Ben Swinburne -- Morgan Stanley -- Analyst

Okay. Is there any revenue impact from these?

Unidentified Speaker --

No.

Ben Swinburne -- Morgan Stanley -- Analyst

Okay, thanks.

Sean Reilly -- Chief Executive Officer

As far as the political in Q1 of last year, it was irrelevant. Most of the -- I don't have the exact numbers in front of me, but I can tell you that bulk of the political spend came in the back half of last year, third and fourth quarter, mostly fourth actually.

Ben Swinburne -- Morgan Stanley -- Analyst

Yeah, OK. Got it. Thank you all.

Operator

Thank you. Your next question comes from Drew Borst with Goldman Sachs.

Andrew Borst -- Goldman Sachs -- Analyst

Hi. Thanks for taking the question. Sean, I was wondering if you could give us some color on geographic revenue growth, organic revenue growth for 4Q and whether there are sort of outliers plus or minus in terms of the regions?

Sean Reilly -- Chief Executive Officer

Sure. So you've heard me say this in the past that perhaps the flyover states aren't doing quite as well. Happy to report Q4 with the Midwest region was actually pretty strong, their revenue growth was up 7.3% which is nice, slightly behind the Western region which was the strongest in California and Oregon and Washington and Nevada. They were up 8.2%. The northeast was up 7.1%. So it's just sort of a bicoastal phenomenon, but it was nice to see the Midwest have a really good strong quarter. The oil patch is recovering Drew a little bit. You're probably reading about what's going on in the Permian Basin in Texas and the like. Our Southwest region was up 5.8%. So again, that was a pleasant to see. The Atlantic Coast was up 5.4%, Central region, which for us is kind of Tennessee, Ohio around in there with a 5.4%, but the region that struggled the most was the Gulf Coast that's Louisiana, Mississippi, Alabama and the Florida Panhandle. Couple of things going on there. While the Permian has recovered for the oil patch, the gulf has not and there is still some struggle in the economy for long the Gulf Coast that rely on strong activity in the Gulf of Mexico.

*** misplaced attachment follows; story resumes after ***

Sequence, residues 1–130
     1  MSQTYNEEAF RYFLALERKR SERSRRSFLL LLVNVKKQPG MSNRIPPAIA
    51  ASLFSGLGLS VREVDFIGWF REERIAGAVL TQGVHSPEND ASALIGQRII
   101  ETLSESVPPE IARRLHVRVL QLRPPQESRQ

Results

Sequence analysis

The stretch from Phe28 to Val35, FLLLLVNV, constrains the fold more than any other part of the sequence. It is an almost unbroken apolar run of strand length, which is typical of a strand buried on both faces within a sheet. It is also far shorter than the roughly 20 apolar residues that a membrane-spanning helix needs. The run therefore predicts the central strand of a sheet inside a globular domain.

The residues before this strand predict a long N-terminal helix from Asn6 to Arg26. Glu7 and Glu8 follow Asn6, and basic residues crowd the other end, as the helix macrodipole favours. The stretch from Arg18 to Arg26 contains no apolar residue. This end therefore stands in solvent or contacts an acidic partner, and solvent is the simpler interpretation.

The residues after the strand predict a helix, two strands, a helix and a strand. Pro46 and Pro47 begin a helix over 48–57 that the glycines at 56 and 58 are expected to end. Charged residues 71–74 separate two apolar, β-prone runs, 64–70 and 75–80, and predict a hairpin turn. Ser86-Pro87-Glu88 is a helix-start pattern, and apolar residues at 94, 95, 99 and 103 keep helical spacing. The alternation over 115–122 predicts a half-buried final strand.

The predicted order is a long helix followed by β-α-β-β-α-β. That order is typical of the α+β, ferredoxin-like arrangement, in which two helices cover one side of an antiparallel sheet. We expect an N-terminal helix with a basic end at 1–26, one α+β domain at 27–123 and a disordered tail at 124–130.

Andrew Borst -- Goldman Sachs -- Analyst

Was that Gulf region still positive or was actually declining?

Sean Reilly -- Chief Executive Officer

Yes, still positive. It was 0.3%, up 0.3% (Technical Difficulty) performance, but the rest of the regions were quite strong.

Andrew Borst -- Goldman Sachs -- Analyst

Yes. Seems pretty broad based with the exception of the gulf and maybe the oil patch a little bit. Another question I have for you. The CapEx guidance of $128 million. I know that's a little bit higher than you guys have been doing in the past. Could you explain maybe why it's ticking up a little bit this year?

Sean Reilly -- Chief Executive Officer

Sure. Well, digital, we're budgeting to put up $250 million, which is more than the last year's $220 million. So sum of it is that digital goal that we have, obviously if we don't give them all in the air, we won't be spending as much on that. The maintenance CapEx is a little bit higher than the previous couple of years, we have a 2008-2009 vintage digital rollout that is now leading replacement. So a little bit is falling into that, I would say those are the primary drivers.

Andrew Borst -- Goldman Sachs -- Analyst

Okay. And then just lastly, can you remind us how much visibility you have into full year revenue. I think in the past you used to talk about maybe somewhere around a quarter of the full-year revenue maybe being sort of booked, you have visibility on is that kind of what you have at this point for '19?

Sean Reilly -- Chief Executive Officer

We're actually as we closed out January was right at 50% booked to that goal.

Andrew Borst -- Goldman Sachs -- Analyst

Okay. That's great. And that's pretty consistent from prior years?

Sean Reilly -- Chief Executive Officer

Yeah. That for the last five, six years, it's been right around 50% as we close out January and that's we can take a real good snapshot of how the year is going to turn out. If I go back further in time, go back maybe 16 years that number used to be around, I'd say 65% would be booked, but a greater percentage of our contracts back then were 12 months. And as the great recession cycled through we that leaner and meaner product customers had get a shorter notice and quicker turnarounds and that number started up 50 and it stayed there really I'd say since the great recession.

Andrew Borst -- Goldman Sachs -- Analyst

Okay, great. Appreciate the color. Thanks so much.

Operator